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A medical mystery on a college campus

Is having so many candidates bad for Democrats?

So many Democrats are running for president that some will not qualify for the first debate — even though it allows for 20 candidates.

Michael Scherer covers campaigns for The Post. He says some Democratic leaders are worried the party will struggle to coalesce around one candidate in time to mount the strongest possible campaign against a president they urgently want to defeat.

More on this topic:

As presidential field swells to unheard-of size, Democrats may struggle to choose a nominee and message

How university officials left their students in the dark about a viral outbreak

In late 2018, University of Maryland student Olivia Paregol was stricken with a mysterious illness. For more than two weeks, university officials remained silent about the reason — a viral outbreak.

Amy Brittain and Jenn Abelson are investigative reporters for The Post. They explored the consequences of the university’s decision through the story of this 18-year-old student.

More on this topic:

Adenovirus at the University of Maryland: Officials waited 18 days to inform students of the threat

Trash at the bottom of the ocean

Trash is everywhere — even in places where no human has set foot before.

More on this topic:

He went where no human had gone before. Our trash had already beaten him there.
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?He?s entwined his business with his presidency . . . and it?s not going well.?

How Trump’s presidency is hurting the Trump brand

Trump’s prized Doral golf resort in Miami is crucial to his overall finances, says David Fahrenthold, who covers the Trump Organization for The Post.

But, according to company documents and exclusive video obtained by The Post, the Doral resort is in steep decline.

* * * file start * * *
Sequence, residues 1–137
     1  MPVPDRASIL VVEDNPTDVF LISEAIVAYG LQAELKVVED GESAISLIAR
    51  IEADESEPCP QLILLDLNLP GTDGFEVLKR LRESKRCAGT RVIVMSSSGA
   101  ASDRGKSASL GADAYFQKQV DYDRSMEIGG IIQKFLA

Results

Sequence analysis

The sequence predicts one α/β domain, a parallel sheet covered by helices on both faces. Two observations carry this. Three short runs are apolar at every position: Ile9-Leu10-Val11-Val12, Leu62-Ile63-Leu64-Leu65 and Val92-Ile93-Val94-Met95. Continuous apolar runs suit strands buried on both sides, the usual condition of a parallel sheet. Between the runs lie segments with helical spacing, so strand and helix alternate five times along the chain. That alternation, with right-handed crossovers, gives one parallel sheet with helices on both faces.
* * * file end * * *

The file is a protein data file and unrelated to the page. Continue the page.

“They are severely underperforming,” tax consultant Jessica Vachiratevanurak told a Miami-Dade County official in a bid to lower the property’s tax bill. The reason, she said: “There is some negative connotation that is associated with the brand.”

“He’s entwined his business more than any modern president with his presidency,” Fahrenthold says. “And it’s not going well.”

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Trump’s prized Doral resort is in steep decline, according to company documents, showing his business problems are mounting

Tensions mounting with Iran

Tension between the United States and Iran has been rising steadily. Tehran has indicated it may curtail its full cooperation with the 2015 landmark nuclear agreement, and the Trump administration spoke of “planned or contemplated attacks” by Iran against U.S. forces and friends in the Middle East.

“Things have escalated very quickly in terms of our mind-set, our posture about Iran,” says national security reporter John Hudson, “but there’s a lot of confusion about exactly what the U.S. is responding to.

Hudson explains the responses the White House is considering — including deploying troops — even as lawmakers from both parties complained that the White House has not fully briefed them on the escalating tensions.

More on this topic:

Trump administration considers responses to potential Iranian attacks, including troop increaseIranian threats led to White House’s deployment announcement, U.S. officials sayPompeo crashes Brussels meeting of E.U. diplomats but changes few minds on Iran

Politicians who run for office and run marathons

All successful politicians are competitive — that’s how they got elected, right? But some find that relentless drive not just on the campaign trail but also in the weight room, in a road race or on the basketball court.

Graphics reporter Bonnie Berkowitz lists the most impressive athletic feats by lawmakers.

More on this topic:

They never stop running: For some lawmakers, over-the-top competition isn’t limited to elections. Our panel rated the athletic feats of 20 politicians.

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Bible study before recess: ?It?s more important than any other book?

Nick Miroff on what was happening behind the scenes before the purge at DHS. Julie Zauzmer on the conservative effort to get Bible classes in public schools. Plus, Ellen McCarthy on the could-be first gentleman.
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The state legislatures trying to overturn Roe v. Wade

Deanna Paul explains the state laws aimed at getting the Supreme Court to reconsider Roe. Political reporter Holly Bailey on the millionaire running on a universal basic income platform. And, the impact of climate change on surfing, with Rick Maese.